Longitudinal survey of condom use across a US Navy and Marine Corps shipboard deployment

Judith Harbertson*, Kimberly De Vera, Paul T. Scott, Yuanzhang Li, Richard A. Shaffer, Nelson L. Michael, Braden R. Hale

*Corresponding author for this work

Research output: Contribution to journalArticlepeer-review

5 Scopus citations


Objectives Condoms are highly effective in preventing sexually transmitted infections (STIs) but implementation is often inconsistent with use rarely examined across travel transition periods. We examined the prevalence of condom use among ship-assigned US military personnel across an overseas deployment cycle and identified factors associated with condom non-use. Methods Longitudinal survey data were collected from ship-assigned US Navy/Marine Corps personnel on 11 ships before (T1), during (T2) and after (T3) an overseas deployment. The anonymous, self-completed survey included demographics, condom use at last sex, STI diagnosis, alcohol misuse and drug use with sex. Descriptive and generalised regression model analyses were conducted. Results Analysis included 1900 (T1), 549 (T2) and 1168 (T3) personnel who reported age, sex and condom use/non-use at last sex. The proportion reporting condom use was significantly higher during T2 (53%, p<0.0001) than T1 (27%) or T3 (28%), with STI prevalences of 1% (T1), 7% (T2) or 2% (T3), with fewer (29%) sexually active individuals at T2. In adjusted models, condom non-use was associated with hazardous alcohol use (OR 1.44, 95% CI 1.21 to 1.71), or drug use to enhance sex (OR 1.37, 95% CI 1.06 to 1.77), but transactional sex was negatively associated (OR 0.69, 95% CI 0.50 to 0.84). Conclusions Condom use was highest during deployment, as was STI prevalence (among non-users), possibly reflecting concentration of high-risk sexual activities/individuals and/or sexual partners more likely to be infected. Higher condom use with transactional sex likely reflects awareness of higher STI risk. These data can be used to facilitate targeted interventions to reduce STI transmission and may extend to similarly aged cohorts travelling outside the US (eg, college students on spring break).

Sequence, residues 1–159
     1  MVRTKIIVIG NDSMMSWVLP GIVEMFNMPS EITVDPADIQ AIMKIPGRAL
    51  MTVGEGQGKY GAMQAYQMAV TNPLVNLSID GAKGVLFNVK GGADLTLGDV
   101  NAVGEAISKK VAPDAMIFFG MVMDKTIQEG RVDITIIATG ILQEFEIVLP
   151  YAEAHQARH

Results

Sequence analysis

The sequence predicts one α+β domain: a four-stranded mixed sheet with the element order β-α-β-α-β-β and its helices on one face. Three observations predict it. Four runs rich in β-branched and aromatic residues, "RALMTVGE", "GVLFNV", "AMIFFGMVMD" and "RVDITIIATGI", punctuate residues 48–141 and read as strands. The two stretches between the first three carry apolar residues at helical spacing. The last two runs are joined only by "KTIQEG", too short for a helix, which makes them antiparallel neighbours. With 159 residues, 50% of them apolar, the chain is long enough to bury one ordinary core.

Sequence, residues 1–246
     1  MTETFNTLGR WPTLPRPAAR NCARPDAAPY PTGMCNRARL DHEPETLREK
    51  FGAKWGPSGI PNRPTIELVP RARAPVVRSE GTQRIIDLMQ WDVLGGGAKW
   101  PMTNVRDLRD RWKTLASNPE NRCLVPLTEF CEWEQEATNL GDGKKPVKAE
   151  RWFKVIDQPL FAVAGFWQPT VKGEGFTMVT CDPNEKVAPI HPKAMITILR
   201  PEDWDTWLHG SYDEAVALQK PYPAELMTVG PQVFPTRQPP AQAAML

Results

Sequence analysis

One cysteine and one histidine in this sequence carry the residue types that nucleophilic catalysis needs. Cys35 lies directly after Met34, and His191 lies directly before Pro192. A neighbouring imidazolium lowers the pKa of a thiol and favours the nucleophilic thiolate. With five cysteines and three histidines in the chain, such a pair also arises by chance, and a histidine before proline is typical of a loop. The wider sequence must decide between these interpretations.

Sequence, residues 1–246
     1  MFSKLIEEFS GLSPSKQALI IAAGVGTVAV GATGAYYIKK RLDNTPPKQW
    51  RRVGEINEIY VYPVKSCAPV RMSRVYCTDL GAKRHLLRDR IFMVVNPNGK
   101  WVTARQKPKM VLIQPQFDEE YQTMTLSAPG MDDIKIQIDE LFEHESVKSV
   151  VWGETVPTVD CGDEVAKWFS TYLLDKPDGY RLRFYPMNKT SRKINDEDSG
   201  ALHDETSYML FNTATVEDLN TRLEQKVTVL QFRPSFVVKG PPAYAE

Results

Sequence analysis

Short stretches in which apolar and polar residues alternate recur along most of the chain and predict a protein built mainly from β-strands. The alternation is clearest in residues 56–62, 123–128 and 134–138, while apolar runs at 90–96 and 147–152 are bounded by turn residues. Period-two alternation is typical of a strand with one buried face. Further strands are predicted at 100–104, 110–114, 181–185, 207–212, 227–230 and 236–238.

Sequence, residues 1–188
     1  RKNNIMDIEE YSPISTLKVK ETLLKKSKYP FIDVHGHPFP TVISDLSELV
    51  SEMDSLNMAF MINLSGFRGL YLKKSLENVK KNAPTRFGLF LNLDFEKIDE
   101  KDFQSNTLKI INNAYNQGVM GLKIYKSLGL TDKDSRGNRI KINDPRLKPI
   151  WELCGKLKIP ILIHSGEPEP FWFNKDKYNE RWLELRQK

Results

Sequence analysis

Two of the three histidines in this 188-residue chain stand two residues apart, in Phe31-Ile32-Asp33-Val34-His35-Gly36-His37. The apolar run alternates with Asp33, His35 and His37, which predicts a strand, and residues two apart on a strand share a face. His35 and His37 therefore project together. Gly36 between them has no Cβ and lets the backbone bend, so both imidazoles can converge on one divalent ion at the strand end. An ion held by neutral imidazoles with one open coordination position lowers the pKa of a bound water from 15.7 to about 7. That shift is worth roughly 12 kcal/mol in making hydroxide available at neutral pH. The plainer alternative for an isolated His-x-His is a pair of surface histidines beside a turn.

Original languageEnglish
Article numbere028151
JournalBMJ Open
Issue number6
StatePublished - 1 Jun 2019
Externally publishedYes


  • condoms
  • military personnel
  • sexual behavior
  • transmitted infections


Dive into the research topics of 'Longitudinal survey of condom use across a US Navy and Marine Corps shipboard deployment'. Together they form a unique fingerprint.

Cite this